Alan G. McNally

Thank you very much, sir, for your comments, much appreciated, understandable. I think Greg and Wade did a -- I think, a terrific job in explaining the fact that the long-term implications of accepting a below-market price reimbursement from Express Scripts would have been far worse than the short-term impact on the earnings. And I think with respect to your second comments, if you, Greg, we can arrange for that -- and if you want to come up to the front afterwards, we can have our Market Vice President of the area talk to you and find out more about your local store.

Gregory D. Wasson

The only thing I would add is we certainly didn't want any patient disruption, and we did our best. But we didn't give everybody 7 months notice because we felt it was only appropriate if there was a potential that employers and patients such as yourself would have some time to transition. Again, in the end, we shouldn't have it happen, it was unfortunate. But given what it is, I don't see a better alternative.

Alan G. McNally

Sir, thank you for your comments. Microphone #5, please. Seeing none, hearing none, we'll go to microphone #6, please.

Unknown Shareholder

Good afternoon. My name is Pauleen Quirk [ph] and I'm a shareholder for many years and I have a great pharmacy manager, Erica, in the Evanston store. I am severely gluten intolerant, and I was wondering if there is a plan in place to be able to add, must be gluten-free, to the profile. From my understanding, it is not currently available. For many people, corn and soy are also a problem, and identifying this in our profiles would be very helpful so that when we call in with the prescription or our doctor calls in with her prescription, they can contact the manufacturer to make sure this -- the products are safe for us or figure out something that we can take. And it would be very helpful and not all pharmacy managers are as helpful as mine. I've had a friend who is also gluten intolerant who gets absolutely no help from her pharmacy manager and they say, "Well, we can't do anything. I don't know if the medication is gluten-free or not." And I find that very disturbing and it can be very detrimental and harmful to our health.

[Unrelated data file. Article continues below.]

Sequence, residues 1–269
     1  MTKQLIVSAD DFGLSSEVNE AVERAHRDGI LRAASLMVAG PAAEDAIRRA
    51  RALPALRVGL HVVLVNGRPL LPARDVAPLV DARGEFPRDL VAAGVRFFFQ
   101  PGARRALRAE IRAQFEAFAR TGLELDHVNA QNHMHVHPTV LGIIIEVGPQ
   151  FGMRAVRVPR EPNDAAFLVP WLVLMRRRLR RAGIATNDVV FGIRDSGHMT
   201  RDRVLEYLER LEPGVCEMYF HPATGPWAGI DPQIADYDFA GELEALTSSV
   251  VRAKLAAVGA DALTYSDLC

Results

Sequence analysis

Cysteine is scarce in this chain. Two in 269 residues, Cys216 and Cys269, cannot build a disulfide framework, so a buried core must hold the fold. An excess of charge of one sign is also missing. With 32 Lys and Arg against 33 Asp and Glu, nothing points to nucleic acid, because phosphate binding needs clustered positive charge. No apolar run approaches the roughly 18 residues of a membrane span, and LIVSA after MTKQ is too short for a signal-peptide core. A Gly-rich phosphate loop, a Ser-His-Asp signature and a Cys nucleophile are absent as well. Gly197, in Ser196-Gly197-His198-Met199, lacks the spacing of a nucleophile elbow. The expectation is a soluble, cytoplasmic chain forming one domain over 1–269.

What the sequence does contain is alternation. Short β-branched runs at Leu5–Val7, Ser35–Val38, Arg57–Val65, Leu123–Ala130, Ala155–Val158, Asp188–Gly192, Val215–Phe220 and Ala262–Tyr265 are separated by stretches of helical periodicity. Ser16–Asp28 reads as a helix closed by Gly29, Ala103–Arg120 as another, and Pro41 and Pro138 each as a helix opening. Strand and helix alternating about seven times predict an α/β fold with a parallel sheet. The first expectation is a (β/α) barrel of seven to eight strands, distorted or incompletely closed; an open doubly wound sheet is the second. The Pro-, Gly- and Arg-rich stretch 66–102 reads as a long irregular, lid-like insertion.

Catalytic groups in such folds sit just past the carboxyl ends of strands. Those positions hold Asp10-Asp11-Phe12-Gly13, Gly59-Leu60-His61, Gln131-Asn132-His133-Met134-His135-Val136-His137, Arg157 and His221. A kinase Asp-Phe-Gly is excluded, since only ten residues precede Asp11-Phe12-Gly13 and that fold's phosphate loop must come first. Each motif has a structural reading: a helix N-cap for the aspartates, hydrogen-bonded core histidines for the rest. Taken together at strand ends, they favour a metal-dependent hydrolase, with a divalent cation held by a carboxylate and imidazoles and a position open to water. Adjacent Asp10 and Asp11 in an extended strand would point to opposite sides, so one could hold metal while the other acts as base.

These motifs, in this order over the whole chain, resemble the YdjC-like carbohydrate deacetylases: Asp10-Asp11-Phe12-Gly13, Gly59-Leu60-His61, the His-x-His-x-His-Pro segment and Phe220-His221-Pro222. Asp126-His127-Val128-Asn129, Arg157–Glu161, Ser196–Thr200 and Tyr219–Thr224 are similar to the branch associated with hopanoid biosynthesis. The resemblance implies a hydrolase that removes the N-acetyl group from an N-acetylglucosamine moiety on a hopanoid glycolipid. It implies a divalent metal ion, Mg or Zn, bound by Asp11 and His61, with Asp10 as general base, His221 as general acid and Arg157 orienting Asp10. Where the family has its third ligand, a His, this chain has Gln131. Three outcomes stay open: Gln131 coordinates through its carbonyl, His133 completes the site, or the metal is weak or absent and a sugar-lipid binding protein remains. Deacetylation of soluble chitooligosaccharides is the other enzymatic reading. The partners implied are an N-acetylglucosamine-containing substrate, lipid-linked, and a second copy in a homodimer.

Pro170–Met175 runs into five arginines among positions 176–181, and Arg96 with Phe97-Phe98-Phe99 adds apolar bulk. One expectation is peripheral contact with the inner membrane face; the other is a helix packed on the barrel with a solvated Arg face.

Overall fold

Alan G. McNally

Well, thank you for bringing it up. And I don't know the answer to that. The good thing is I have Kermit Crawford, our President of Pharmacy sitting here. I know he took the note and I think we should actually look to see if we can. I don't know if you have any comments Kermit or not.

Kermit R. Crawford

We can do it.

Alan G. McNally

So we need to make sure that our pharmacy manager knows that, and we make sure that -- thank you for the comment.

And we're back to microphone #1, please.

Unknown Shareholder

Great. My name is Neane Stu-Lay [ph], and I'm 81 years old and one year into coming back from a brain aneurysm. And I was lucky, it was a miracle, at Rush Hospital. But I want to tell you, I love my Walgreens. The pharmacists are great. Anytime I have a question, they always answer it. We have a wonderful Manager, Mr. Penny, and it's at 71st and Pulaski. And they had a move because of other companies coming in, and did a great job moving from one place to another. But I must tell you that you must proofread this material because every time you said "that come", it came out ".com". And thank you very much. I'm very happy to be here.

Alan G. McNally

Well, thank you so much for your comments. We're so happy for you. And we're a learning organization. We have to learn to spell now, right? Thank you so much. That's terrific.

So microphone #2 please.

Unknown Shareholder

I'm Jim Stolka [ph], a shareholder, ex-employee. My first question is about Express Scripts. They have been in the process of merging with another PBM. If that succeeds, what more affect will they have on us this fiscal year?

Alan G. McNally

I'll let Wade kind of handle the effect part. As far as Medco, we absolutely understand that Express Scripts has a proposed merger. Medco is another big PBM, for those who may not know. Medco, to give some -- maybe some facts a little bit, Medco today is much smaller than the PBM they were even a year ago. They've lost a lot of major clients across the country, so they're a significantly reduced PBM as far as how many prescriptions they manage. Secondly, we frankly believe that they will have a tough time in the next year selling season, selling new business as well. Because there's going to be a lot of uncertainty if the merger happens as to where -- from clients, as to whether they will have Walgreens in their network or not. And we think that, that's going to be difficult for them next year. As far as the merger itself, we don't know what will happen as far as the outcome of that. We do know that the FTC is reviewing it. We also know that there are 34 state attorneys generals that are looking into it at this point in time. We think that we agree with the community pharmacy industry at large, that patients are going to lose access and service if indeed that merger happens, and we think employers are going to lose access and have cost increase as well. So we think there's a lot that needs to be understood about that proposed merger. But if indeed, if the merger occurs, whether it's an unacceptable rate from Express Scripts or a combined entity, we still cannot do business if we're not receiving fair reimbursement.

Wade D. Miquelon